Six years ago, in April 2016, Lauren De Crescenzo was a neo-pro. After a decorated collegiate career, the then 25-years-old went pro with Visit Dallas DNA Pro Cycling. She was racing in the San Dimas Stage Race and leading out her teammate when she had a freak accident. Her handlebars got caught in some fencing and De Crescenzo went over the handlebars. Her first memories after that race come some three weeks later when she awoke in a hospital.
In that three-week blackout period, De Crescenzo had been airlifted to a nearby hospital and put in a medically induced coma for nearly a week to mitigate the brain bleeding. She also suffered a skull fracture, facial damage, a fractured vertebrae in her spine and several broken bones in her hand. She had to relearn how to talk, balance and walk.
Today, six years after that terrifying crash, De Crescenzo (Cinch Cycling) got emotional thinking about just how far she’s come since then. From being stuck in a hospital bed to finishing America’s toughest stage race, the Tour of the Gila, on the top step.
"I feel amazing. Six years ago I was in a rehab center learning how to walk and talk, and now I win the biggest UCI stage race in the US. I never thought it was going to happen,” De Crescenzo commented on Sunday after finishing the fifth and final stage of the 2022 Tour of the Gila.
“Learning how to walk to winning the Gila, it's insane. It's totally insane...the last six years have been a journey."
How the Race Was Won
After two long Pandemic years, the iconic Tour of the Gila was back for real-life racing this past week. The New Mexico race is one of just four UCI-sanctioned road races still remaining on US soil, and this rare opportunity to earn some coveted UCI points meant that riders came from all over the world, including team EF Education-Tibco-SVB, fresh off their Spring Classics stint in Europe.
Showing up in force with riders like Krista Doebel-Hickok, Lauren Stephens, Emily Newsom, Sara Poidevin and Emma Langley, the pink team was hotly favored for the win.
Sure enough, it was former US national Hill Climb champion, Krista Doebel-Hickok, who took control of the race first, by riding away from the pack with two kilometers to go on the brutal climb up the Mogollon. Doebel-Hickok had company in Emily Marcolini (3T/Q+M Cycling Team) and Austin Killips (Amy D Foundation) but soon dropped the two and finished stage one with a 17-second lead.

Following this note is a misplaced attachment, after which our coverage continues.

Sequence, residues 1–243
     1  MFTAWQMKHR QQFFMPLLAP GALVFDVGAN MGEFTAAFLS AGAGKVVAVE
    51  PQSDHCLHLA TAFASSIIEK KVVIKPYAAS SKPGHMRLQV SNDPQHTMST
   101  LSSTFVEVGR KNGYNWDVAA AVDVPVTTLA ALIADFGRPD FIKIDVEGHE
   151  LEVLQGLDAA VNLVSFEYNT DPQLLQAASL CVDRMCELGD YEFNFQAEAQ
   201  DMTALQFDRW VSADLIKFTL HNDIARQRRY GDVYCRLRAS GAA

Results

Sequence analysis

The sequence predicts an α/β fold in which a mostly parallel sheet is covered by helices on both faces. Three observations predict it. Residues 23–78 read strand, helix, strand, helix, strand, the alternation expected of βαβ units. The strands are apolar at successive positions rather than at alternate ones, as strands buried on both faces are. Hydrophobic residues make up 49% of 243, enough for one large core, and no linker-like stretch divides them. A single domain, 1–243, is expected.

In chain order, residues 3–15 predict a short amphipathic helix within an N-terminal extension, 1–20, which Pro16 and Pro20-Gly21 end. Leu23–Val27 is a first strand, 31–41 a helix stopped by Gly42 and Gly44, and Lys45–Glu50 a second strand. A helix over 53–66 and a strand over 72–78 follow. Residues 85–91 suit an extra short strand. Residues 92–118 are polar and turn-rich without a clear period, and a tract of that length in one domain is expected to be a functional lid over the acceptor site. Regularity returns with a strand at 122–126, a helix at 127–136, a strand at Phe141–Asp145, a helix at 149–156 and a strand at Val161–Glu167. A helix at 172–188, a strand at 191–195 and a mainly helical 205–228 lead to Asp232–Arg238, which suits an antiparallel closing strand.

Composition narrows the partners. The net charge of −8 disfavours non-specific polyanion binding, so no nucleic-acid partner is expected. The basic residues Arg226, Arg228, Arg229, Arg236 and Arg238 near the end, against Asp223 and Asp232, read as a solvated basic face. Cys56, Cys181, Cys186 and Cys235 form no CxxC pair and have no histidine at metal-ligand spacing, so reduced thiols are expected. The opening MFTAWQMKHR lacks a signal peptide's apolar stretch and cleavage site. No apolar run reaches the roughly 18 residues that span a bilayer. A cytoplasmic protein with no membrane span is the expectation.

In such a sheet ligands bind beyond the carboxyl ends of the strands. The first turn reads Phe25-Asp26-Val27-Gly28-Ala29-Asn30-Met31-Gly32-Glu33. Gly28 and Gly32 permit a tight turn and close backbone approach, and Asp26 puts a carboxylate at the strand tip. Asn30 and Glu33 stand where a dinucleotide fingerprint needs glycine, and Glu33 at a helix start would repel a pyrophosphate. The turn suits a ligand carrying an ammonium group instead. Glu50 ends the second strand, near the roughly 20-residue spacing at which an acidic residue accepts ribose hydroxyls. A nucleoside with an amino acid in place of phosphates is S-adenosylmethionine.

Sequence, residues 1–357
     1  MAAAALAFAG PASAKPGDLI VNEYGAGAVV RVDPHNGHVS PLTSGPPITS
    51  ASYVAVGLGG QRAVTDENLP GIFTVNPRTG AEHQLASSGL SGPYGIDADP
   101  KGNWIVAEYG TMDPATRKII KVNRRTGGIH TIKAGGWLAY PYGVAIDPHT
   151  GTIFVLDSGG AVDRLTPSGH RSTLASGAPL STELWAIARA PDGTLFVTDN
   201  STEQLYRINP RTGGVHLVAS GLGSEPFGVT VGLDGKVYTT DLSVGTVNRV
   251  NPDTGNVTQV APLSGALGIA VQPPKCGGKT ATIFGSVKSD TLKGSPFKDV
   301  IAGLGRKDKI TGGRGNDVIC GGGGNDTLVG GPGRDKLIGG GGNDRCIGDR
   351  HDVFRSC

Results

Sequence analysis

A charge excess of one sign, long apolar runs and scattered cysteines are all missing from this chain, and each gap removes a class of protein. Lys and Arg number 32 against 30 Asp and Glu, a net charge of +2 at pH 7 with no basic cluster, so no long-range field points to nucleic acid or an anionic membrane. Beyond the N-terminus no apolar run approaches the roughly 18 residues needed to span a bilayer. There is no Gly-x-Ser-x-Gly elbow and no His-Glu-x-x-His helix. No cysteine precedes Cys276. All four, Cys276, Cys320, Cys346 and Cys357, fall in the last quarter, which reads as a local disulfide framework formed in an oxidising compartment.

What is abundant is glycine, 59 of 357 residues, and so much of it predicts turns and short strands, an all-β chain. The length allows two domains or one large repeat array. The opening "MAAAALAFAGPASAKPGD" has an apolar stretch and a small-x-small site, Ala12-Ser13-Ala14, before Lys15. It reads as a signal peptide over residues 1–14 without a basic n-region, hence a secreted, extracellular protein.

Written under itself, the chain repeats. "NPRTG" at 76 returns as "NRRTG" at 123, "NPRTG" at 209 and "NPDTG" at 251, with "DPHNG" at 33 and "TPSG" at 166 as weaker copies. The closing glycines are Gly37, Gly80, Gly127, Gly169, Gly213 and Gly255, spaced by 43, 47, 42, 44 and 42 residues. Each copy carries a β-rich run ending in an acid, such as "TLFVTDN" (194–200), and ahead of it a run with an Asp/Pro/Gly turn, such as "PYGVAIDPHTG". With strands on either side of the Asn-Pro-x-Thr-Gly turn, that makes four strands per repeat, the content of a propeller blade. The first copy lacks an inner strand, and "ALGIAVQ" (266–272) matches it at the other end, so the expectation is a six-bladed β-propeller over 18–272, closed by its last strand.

However, Stage 2, another undulating road race, saw a change of the guard. De Crescenzo was allowed to go on a 67-mile (107-kilometer) solo to shake up the GC. Calling the solo effort “good training for Unbound,” the defining gravel queen of Unbound and SBT GRVL, put a firm grasp on the overall standings with a gap of 2 minutes as 32 seconds going into the race’s midpoint, a 16-mile time trial. Doebel-Hickok finished second in stage followed by Maddy Ward of Instafund Racing.
Doebel-Hickok kept the GC excitement alive in the time trial by obliterating De Crescenzo’s lead with a tremendous time trial effort, while De Crescenzo suffered some bad luck in the form of a flat tire. With her TT performance, Doebel-Hickok made up an astonishing 2 minutes and 18 seconds in the GC, which meant that going into the stage 4 criterium, a mere 14 seconds now separated the two GC leaders.
“Coming into [the time trial], honestly I had just given up on the red jersey and was just stoked to have the polka dot and a couple days secured in that,” a surprised Doebel-Hickok admitted after the stage.
The downtown criterium was aggressive, marred by crashes and confusion and ultimately won by Ward, the third placed rider in the GC.
Both De Crescenzo and Doebel-Hickok went down and hit the pavement, but the GC leaders managed to finish the race mostly intact and ready to battle it out on the final and most challenging stage, “the Gila Monster”. With 5,610 feet (1710 meters) of climbing over 65 miles (105 kilometers), even their two-minute lead would have to be fiercely defended by their teams.
Stage 5 - The Finale
The fifth and final stage, saw another long solo break. This time it was Helena Gilbert-Snyder (Live Play Real Estate) who went free on the winding valley roads and managed to stretch her lead out of three minutes. But as she was 35 minutes down on the overall classification she was no threat to the GC contenders.
With just 14 seconds separating the two GC leaders, bonus time sprints were hotly contested. While Gilbert-Snyder soloed to full points, De Crescenzo and runner-up Doebel-Hickok fought for every second.
Headed up the second QOM ascent some 53 miles (86 kilometers) into the race, Doebel-Hickok took control of the pace and managed to bring Gilbert-Snyder's gap down to 1:30 while splintering the already reduced field. Just four riders emerged atop the climb together, and De Crescenzo was notably missing, struggling behind by some eight second down from Doebel-Hickok.
But by the time Gilbert-Snyder was caught on the final mountain ascent to the finish, De Crescenzo had fought her way back onto and past Doebel-Hickok’s wheel. Crossing the line in third, the 31-year-old was 29 seconds down from stage winner, Emily Marcolini (3T/Q+M Cycling), but also 41 seconds ahead of her nearest rival, which meant she definitively secured the overall win.
“We raced to try and win the overall, but we weren’t successful in that, but taking away the QOM jersey and second [on] GC and the way the team rode, we can be really happy and proud,” Doebel-Hickok said.
With this win, De Crescenzo shows that she’s in great form to defend her titles at the Unbound and SBT GRVL events later this year.
Final GC Results:
1) Lauren De Crescenzo – Cinch RISE: 11:26:01
2) Krista Doebel-Hickok – EF Education-TIBCO-SVB: 11:27:01
3) Austin Killips – Amy D Foundation: 11:28:28
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